Settled at Bata after many jobs. - 1963
There are still several of the men who fought in World War I among the older employees of British Bata. One is Fred Keeling, of the production moulds shop of the engineers’ section, who, on Saturday, completed 25 years service with the Company.
Bata Record, on behalf of his many friends, congratulates him. Some of them, as well as other workers in other departments, probably remember him as a driver of one of the first buses to be seen in Grays.
“That,” said Fred, “was when the factory was being built. There were only a few buses in the district, and the one I drove - known as “The Local Bus”, a fourteen-seater, ran from the War Memorial at Grays to Nutberry Avenue, and back. It was my own bus, and was used by quite a lot of Bata people - the factory, with the hope of employment it offered, at a time when work was scarce, was a frequent topic of conversation.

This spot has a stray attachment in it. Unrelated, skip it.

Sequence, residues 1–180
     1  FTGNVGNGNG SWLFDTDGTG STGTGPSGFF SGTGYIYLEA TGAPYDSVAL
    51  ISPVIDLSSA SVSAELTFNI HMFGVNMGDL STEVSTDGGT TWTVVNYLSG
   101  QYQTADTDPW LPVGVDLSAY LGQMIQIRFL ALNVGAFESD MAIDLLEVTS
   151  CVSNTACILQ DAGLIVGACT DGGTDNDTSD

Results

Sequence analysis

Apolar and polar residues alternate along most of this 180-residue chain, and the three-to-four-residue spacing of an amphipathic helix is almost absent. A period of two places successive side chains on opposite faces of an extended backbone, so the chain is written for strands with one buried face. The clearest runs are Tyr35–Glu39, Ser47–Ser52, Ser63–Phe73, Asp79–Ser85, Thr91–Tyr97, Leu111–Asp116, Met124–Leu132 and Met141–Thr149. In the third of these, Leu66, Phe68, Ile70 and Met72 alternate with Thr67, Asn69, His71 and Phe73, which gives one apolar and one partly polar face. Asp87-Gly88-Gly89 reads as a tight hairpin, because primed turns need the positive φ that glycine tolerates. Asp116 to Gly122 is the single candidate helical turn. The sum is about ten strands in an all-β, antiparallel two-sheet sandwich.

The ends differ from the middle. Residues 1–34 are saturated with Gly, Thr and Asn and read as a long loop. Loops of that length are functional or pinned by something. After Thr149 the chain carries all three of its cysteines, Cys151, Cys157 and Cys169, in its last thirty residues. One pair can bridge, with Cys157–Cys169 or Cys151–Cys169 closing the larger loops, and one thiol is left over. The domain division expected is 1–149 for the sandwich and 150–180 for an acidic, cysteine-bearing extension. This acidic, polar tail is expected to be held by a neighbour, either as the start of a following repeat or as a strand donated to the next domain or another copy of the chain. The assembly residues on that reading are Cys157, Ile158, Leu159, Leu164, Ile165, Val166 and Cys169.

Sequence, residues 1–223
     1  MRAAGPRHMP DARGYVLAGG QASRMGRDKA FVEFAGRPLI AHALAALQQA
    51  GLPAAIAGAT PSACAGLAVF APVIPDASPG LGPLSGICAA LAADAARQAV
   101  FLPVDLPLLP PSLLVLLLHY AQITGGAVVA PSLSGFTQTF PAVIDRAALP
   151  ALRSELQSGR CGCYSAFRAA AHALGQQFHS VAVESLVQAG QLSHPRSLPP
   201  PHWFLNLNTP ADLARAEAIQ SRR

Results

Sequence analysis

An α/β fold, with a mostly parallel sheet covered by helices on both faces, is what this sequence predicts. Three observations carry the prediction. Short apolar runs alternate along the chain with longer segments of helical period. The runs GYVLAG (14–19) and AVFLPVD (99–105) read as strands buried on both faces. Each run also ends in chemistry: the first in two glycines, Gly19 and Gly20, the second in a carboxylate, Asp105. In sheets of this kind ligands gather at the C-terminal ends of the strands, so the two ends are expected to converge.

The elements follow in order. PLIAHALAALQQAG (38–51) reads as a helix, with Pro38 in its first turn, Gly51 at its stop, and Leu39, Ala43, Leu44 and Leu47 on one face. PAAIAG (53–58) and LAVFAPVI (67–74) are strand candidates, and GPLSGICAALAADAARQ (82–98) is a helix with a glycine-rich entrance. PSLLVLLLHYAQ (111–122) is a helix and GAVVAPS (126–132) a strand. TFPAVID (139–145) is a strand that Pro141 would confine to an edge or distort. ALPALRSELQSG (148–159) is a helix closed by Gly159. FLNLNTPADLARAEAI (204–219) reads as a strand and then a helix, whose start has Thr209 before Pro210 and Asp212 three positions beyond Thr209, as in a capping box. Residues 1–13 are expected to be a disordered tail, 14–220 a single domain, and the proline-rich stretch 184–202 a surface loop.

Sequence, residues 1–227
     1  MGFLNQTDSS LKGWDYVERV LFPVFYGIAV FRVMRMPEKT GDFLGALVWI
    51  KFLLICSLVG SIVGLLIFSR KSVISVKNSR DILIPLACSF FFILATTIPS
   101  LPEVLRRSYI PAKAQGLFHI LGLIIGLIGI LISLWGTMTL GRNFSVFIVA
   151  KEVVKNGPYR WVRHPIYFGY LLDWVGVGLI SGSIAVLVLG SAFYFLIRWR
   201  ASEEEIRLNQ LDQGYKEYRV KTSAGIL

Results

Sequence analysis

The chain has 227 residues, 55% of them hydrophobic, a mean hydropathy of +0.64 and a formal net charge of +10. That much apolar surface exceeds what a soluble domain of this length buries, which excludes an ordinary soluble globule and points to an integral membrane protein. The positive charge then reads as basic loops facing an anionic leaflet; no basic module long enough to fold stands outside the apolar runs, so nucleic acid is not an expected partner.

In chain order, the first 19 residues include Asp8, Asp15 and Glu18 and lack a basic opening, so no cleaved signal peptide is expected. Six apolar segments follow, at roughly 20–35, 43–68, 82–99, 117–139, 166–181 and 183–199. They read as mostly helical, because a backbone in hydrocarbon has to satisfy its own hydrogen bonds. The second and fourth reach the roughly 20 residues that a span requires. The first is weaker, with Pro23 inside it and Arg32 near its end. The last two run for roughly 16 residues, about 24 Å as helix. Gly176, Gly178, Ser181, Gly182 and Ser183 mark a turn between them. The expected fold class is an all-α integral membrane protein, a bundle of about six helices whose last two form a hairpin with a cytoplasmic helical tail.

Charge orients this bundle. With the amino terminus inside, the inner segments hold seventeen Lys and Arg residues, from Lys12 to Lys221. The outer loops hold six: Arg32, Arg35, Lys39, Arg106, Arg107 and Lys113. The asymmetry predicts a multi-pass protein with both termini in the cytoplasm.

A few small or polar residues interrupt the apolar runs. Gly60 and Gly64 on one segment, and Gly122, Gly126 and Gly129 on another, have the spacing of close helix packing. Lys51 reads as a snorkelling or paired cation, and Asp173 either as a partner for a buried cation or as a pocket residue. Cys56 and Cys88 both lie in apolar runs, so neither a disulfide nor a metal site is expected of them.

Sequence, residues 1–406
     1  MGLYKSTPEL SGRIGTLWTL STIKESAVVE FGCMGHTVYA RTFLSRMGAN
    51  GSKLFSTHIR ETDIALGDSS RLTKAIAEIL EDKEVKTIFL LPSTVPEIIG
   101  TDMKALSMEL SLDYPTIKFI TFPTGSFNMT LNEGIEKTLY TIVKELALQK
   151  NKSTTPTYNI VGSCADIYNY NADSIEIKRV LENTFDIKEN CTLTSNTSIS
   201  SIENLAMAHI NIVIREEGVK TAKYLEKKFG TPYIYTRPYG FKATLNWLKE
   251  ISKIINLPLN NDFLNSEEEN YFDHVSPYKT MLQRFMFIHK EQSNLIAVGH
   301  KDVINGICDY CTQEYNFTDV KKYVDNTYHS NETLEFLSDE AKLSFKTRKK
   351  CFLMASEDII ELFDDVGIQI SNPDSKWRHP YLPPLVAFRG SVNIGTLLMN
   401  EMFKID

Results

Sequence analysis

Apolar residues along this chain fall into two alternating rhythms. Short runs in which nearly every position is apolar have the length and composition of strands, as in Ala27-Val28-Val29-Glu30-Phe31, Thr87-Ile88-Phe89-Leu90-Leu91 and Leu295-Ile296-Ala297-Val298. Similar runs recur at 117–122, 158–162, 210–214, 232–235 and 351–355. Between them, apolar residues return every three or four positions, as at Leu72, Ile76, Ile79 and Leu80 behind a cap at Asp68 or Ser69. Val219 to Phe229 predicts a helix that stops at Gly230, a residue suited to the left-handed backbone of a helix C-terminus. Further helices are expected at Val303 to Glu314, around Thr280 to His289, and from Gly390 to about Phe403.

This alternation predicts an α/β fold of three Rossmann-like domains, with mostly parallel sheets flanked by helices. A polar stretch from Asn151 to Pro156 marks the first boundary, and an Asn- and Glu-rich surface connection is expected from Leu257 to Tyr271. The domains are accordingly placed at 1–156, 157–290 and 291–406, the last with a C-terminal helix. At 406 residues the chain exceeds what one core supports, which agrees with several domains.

“My first important job started in 1916, barely two years after I left school - and I had to advance my age to get it. I joined the old Royal Flying Corps, and served in France in the later stage of the first war. It was a time when many teenagers added a year of two to their age, in order to get into the services.
“I was born at Southampton, but came to Grays when I was a boy, and have always been interested in mechanical work, such as driving and engineering.
“Before I came to British Bata, I was a fitter in a large manufacturing firm, but was not impressed with the prospects, and soon found myself thinking about a better job.
“A friend of mine was a foreman at British Bata, and suggested I should try for work there. He said it was a young and expanding firm with a progressive engineer's section. I took his advice and my application was successful.
“What I value here - apart, of course, from steady work and a regular wage packet - it the friendly atmosphere. I should say that this shop is one of the happiest in the factory - we are all friends, always ready to help each other.”
Fred was in the Air Force Reserve, so was called up a few days before the start of the second world war. He served in France, in the Royal Air Force, and “graduated,” as he says, at Dunkirk. In his younger days (the term is relative, as he looks at least 10 years younger than his age), he was a keen amateur boxer and footballer, and is still interested in sport - as a spectator, he explained. He lives at Vange, and has a son and a daughter, both grown up.